Hunting for a home? If you’re stressed out, you’re not alone. An ING poll finds two thirds of Canadians are stressed to the max about their mortgage.
The 2.77% mortgage rate is back! Butler unveiled their record low rate once again on Friday. Will more lenders follow suit with record breaking lows?
Seniors are amongst the most vulnerable in society – and their finances can be hardest hit by those with less-than-noble intentions. Whether you are a retiree or trying to protect your parent from masterminded financial pitfalls, here are some warning signs to abide by.
The Canadian housing market is getting downright chilly. As we experience the after effects of the new mortgage rule changes announced last month, it’s clear that coast to coast, our markets are in for a correction. What does this look like for the urban hot spot markets – especially hardest-hit Toronto?
The self-employed (including small business owners) have always had a hard time getting mortgages. And pity those who’ve gone through a divorce, which can hurt in countless ways. A friend recently revealed that when she first separated from her husband, she had no credit rating. Here’s what to do when you don’t qualify for a mortgage.
As if BMO’s 2.99% 5 year fixed rate that rocked the mortgage world wasn’t enough, they have now issued a public warning to brokers along the lines of “ready or not, here we come”. They’re looking to grow fins and be a shark in the market by building up their mortgage sales force and capturing market share. Plus, find out what really happens behind the mortgage scenes.
Increasingly Canadians looking to buy a house are seeking more information from the professional helping to secure their mortgage. They look to their mortgage expert for good financial advice, guidance and some level of consultation on what most likely is the biggest investment of their lives. Mortgage experts are now on the front line when giving advice to new homeowners on how much they should borrow and at what rate.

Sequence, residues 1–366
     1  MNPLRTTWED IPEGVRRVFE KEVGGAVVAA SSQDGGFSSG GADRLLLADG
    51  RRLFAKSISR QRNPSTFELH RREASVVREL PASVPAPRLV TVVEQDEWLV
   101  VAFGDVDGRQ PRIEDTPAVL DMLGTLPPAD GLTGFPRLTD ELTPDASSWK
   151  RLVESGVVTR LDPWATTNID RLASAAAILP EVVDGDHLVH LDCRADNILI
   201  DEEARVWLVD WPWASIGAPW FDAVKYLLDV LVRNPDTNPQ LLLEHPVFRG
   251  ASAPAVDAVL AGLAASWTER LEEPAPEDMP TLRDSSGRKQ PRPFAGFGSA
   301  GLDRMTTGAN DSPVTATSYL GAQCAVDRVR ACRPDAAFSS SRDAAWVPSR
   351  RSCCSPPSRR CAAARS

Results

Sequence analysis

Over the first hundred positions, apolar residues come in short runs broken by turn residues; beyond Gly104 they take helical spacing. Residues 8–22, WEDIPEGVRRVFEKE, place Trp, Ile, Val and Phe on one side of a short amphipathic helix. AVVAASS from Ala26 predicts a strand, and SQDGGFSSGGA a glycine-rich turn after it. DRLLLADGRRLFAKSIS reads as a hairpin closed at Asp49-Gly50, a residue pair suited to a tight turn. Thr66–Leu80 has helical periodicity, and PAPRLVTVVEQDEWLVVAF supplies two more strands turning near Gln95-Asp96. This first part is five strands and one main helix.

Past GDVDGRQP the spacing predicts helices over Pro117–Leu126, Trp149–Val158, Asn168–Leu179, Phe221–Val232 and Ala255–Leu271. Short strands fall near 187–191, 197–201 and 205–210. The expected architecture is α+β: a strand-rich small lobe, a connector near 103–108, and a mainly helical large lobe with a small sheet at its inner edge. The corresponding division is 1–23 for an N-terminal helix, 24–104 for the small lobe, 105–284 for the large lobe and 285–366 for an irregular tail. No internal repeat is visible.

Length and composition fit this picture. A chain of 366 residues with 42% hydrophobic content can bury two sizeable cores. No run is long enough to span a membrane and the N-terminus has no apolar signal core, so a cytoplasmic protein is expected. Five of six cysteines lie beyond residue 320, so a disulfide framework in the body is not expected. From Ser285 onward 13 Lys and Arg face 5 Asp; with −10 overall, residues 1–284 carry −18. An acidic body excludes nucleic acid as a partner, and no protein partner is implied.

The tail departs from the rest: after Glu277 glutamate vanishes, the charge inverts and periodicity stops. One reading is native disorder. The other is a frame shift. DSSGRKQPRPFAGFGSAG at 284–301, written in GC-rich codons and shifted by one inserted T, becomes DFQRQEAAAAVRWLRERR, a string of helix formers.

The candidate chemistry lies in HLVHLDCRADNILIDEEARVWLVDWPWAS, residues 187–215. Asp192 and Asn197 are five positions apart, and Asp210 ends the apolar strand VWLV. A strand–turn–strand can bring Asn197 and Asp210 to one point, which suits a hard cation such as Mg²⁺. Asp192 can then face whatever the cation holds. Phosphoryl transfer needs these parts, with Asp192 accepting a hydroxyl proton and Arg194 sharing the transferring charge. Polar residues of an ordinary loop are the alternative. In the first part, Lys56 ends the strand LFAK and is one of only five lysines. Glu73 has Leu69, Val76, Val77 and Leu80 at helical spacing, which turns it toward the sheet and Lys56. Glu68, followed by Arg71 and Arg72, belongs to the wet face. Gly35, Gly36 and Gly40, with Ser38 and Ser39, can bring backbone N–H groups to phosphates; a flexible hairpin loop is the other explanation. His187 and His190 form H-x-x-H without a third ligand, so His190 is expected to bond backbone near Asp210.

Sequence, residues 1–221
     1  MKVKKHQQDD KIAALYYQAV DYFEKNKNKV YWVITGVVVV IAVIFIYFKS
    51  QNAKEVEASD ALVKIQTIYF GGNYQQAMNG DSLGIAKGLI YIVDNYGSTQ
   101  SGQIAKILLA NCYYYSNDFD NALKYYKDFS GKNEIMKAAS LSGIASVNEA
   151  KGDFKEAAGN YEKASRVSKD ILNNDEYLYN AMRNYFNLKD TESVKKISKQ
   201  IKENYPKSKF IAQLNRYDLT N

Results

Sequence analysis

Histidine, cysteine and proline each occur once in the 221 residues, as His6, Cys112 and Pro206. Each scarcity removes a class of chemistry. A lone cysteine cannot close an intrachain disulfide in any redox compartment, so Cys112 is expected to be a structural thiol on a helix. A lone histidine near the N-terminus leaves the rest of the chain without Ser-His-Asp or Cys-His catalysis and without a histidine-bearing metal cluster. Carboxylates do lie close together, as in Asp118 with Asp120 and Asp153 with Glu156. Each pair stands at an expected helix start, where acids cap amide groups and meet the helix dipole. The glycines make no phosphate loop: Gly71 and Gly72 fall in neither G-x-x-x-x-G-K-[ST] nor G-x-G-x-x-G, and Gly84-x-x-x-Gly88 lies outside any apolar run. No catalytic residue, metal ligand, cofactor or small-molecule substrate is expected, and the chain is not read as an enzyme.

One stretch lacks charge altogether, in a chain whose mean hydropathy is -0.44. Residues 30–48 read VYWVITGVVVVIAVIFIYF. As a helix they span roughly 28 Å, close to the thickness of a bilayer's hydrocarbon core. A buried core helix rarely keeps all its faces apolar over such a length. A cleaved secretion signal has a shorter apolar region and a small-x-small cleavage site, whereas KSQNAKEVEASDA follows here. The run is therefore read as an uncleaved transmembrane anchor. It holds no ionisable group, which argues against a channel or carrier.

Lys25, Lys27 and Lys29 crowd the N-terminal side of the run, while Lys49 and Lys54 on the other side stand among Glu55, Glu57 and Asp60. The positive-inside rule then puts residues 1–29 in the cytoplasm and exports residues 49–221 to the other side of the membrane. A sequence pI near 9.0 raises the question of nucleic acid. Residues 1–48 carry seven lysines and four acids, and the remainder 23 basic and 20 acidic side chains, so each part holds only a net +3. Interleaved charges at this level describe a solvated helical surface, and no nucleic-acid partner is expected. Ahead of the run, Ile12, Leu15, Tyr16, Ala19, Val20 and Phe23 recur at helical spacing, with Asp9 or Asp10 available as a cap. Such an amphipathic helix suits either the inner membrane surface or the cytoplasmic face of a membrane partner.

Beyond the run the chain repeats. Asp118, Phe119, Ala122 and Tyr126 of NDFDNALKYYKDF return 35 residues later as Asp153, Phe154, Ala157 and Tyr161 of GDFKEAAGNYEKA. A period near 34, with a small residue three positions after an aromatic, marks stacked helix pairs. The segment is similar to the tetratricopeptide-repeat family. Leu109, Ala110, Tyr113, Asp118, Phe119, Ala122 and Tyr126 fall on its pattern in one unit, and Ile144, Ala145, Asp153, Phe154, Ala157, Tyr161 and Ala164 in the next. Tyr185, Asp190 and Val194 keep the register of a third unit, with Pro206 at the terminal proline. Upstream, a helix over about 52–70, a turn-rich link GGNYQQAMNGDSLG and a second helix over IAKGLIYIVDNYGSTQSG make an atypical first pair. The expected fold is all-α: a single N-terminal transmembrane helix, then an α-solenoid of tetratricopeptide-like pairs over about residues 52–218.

Only the most naïve customer would pay the “posted” rate for their mortgage. (You didn’t pay the posted rate…did you?!?). Whether you use a third-party mortgage broker, or simply walked into your nearest bank branch and spoke with their mortgage specialist, you almost certainly were offered a discount off the posted rate. So why do financial institutions bother having these rates?
What is a mortgage broker and why you should use one.
There’s a renewed sense that the real estate agent is out and buying a home on your own, or with limited help, is the way to go. Is it really? Is it enough to rely on an internet-based do-it-yourself company or just a lawyer to buy a home?